Posts Tagged ‘Marathon’

Marathoneering Tips From ISPA

Thursday, October 29th, 2009

As many of you are preparing for the New York Marathon our international ISPA  professionals offer some race day tips:

If you start to feel over exertion: Change your pace slow to your race pace, then slow down until your comfortable again. (This is not a walk/run scheme.)

Believe it or not my Kenyan friends and colleagues advocate, ready, SMILE. Remember your are running for fun. Force yourself to smile. Look at someone in the crowd lining the race, smile at them, yell a cheer, or make a funny face. This is what they are telling me!

Also when you are feeling the old ‘wall’ being reached. Concentrate on your running form. Look deep into your body’s movements and think form, form, form.

At the International Sports Professionals Association (ISPA) we have professionals from all over the world to help you and your clients enjoy sports safely and with integrity.

Dr. John Mayer, President-ISPA

Let them Run! Marathons for All

Wednesday, October 28th, 2009

The New York Times has been running a series of articles on marathon running in build up to the NYC Marathon this weekend. One article about slow marathon runners caught my eye. The article debated what place individuals who run slowly have in the marathon. The article cited studies showing how since the 1980s the average marathon time has drastically increased. To find out more about the article click here: Plodders Have a Place, but Is It in a Marathon? One of the reasons why this article interested me is I have been at both ends of the spectrum. I have run marathons both fast and slow. I have clocked in at Three hours and ten minutes and I have also clocked in at six plus hours (I forgot that you had to train for a marathon!). I can personally say that whether I run a marathon fast or slow it is still hard.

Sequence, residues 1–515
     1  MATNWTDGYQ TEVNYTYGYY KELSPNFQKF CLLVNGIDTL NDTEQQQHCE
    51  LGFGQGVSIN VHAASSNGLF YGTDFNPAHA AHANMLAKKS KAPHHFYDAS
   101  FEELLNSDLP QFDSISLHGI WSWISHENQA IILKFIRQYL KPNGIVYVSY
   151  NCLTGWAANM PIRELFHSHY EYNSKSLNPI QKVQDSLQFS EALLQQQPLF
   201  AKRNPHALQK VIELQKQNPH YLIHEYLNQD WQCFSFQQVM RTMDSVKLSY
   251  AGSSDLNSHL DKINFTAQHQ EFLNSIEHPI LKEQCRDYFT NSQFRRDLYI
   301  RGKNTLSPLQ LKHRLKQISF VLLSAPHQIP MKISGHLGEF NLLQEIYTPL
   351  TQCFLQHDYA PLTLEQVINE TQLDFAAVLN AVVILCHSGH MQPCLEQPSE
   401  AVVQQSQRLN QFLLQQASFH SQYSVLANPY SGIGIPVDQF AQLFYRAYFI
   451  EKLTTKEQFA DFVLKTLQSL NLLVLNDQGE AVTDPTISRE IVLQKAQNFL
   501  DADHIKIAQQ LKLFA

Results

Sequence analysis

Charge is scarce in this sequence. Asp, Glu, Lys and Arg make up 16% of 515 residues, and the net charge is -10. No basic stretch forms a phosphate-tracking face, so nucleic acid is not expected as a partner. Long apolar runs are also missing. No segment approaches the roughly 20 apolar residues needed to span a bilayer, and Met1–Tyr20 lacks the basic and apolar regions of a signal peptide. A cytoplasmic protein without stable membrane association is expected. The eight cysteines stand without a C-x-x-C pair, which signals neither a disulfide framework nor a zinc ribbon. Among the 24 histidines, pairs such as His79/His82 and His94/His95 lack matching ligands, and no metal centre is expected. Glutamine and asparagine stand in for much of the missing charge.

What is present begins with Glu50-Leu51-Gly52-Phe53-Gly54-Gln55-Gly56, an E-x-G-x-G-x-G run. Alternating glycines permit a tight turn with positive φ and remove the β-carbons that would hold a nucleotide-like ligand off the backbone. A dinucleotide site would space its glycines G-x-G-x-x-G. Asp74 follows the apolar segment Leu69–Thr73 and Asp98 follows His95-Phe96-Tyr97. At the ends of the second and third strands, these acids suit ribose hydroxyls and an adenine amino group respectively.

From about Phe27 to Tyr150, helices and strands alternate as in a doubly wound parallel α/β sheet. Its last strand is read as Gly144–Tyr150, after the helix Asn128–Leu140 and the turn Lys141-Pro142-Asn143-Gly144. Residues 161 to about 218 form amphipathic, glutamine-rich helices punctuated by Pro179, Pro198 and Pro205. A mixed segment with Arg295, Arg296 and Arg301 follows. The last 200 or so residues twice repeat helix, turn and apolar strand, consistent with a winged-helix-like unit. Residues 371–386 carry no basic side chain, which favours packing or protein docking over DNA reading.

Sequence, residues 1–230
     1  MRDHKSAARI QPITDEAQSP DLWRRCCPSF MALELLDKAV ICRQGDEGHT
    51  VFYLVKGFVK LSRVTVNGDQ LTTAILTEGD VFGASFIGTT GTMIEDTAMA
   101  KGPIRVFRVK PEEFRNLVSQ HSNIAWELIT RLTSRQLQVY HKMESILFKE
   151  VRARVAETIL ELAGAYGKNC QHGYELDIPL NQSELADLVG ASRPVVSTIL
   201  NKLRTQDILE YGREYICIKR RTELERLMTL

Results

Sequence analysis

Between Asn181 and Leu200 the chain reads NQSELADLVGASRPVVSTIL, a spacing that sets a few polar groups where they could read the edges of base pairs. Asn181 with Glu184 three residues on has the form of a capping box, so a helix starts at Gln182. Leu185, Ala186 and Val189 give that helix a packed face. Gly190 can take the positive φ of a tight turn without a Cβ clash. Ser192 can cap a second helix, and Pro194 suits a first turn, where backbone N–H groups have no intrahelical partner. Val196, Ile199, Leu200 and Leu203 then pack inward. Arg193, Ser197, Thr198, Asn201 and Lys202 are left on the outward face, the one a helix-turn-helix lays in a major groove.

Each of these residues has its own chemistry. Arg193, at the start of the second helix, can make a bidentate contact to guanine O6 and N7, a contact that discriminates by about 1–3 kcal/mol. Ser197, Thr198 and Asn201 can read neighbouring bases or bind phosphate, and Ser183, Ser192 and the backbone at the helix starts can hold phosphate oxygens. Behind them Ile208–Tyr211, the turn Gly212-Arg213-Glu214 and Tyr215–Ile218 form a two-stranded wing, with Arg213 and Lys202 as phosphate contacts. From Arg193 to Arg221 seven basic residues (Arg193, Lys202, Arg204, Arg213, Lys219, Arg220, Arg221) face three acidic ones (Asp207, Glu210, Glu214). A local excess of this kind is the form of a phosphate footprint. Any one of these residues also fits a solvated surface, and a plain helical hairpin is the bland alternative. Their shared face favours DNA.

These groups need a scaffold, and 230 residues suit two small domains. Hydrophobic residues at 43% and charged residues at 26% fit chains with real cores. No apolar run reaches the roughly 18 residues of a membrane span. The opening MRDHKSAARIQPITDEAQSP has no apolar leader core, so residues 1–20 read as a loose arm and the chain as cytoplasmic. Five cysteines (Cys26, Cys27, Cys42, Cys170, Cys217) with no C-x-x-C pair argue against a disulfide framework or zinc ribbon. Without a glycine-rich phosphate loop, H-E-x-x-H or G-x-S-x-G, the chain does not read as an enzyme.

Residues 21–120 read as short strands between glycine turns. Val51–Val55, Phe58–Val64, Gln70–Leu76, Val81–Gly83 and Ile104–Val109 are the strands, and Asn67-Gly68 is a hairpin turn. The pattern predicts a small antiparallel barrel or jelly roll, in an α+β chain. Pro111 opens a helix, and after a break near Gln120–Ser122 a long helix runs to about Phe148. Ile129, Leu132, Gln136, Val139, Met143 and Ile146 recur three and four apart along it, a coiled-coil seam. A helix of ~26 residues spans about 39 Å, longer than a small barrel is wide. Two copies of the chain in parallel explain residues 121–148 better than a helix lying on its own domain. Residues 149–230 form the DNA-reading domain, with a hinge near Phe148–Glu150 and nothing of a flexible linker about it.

Covering 26.2 miles whether you are running or walking is still a great accomplishment! Everyone feels pain, no matter what the speed, at some point during the marathon. However, I still feel that there should be some time limits. Having no limits creates situations in which people feel they can stop for extended periods of time and in some cases stop for lunch or other such extended breaks. Clearly, stopping for lunch is not the spirit of the marathon. The marathon is not a stage race. There is nothing wrong with the occasional pit stop as long as they don’t turn into mini vacations. Always keep moving that is my motto!

Individuals who attack “slow” runners are doing more to damage the sport than to promote it. Marathons maintain sponsorships because of the mass appeal created by the diverse level of participants. Sponsorship is what allows these races to exist and thrive. Many races have now adapted corral systems that allow the faster runners to be upfront and not “hindered” by the slower runners who interfere with time goals. This eliminates the complaint that slower runners get in the way. Of course one reason why some so-called hardcore runners disapprove of slow runners is they feel that the image of the marathon is tarnished because Joe Public now runs marathons. The ego of these individuals has been deflated; no longer is the marathon T-shirt the ego trip it once was. Of course these individuals could run the Boston Marathon (a race with a qualifying standard) or even better yet they could run in the Olympic trials!

The culture of the marathon has changed. No longer is it composed of a small group of gifted athletes strutting their stuff. It is a mainstream event that has broad appeal. The marathon is an event that raises millions of dollars for charity and inspires people to get off the couch and go outside and run. In an era of increasing waistlines and an epidemic of obesity how can this be a bad thing. In the process a few egos may get damaged but as Bob Dylan stated “Your old road is Rapidly aging Please get out of the new one If you can’t lend your hand For the times they are a-changin” (The TImes They Are A-Changin’, 1964)

Justin Mayer, Executive Director-ISPA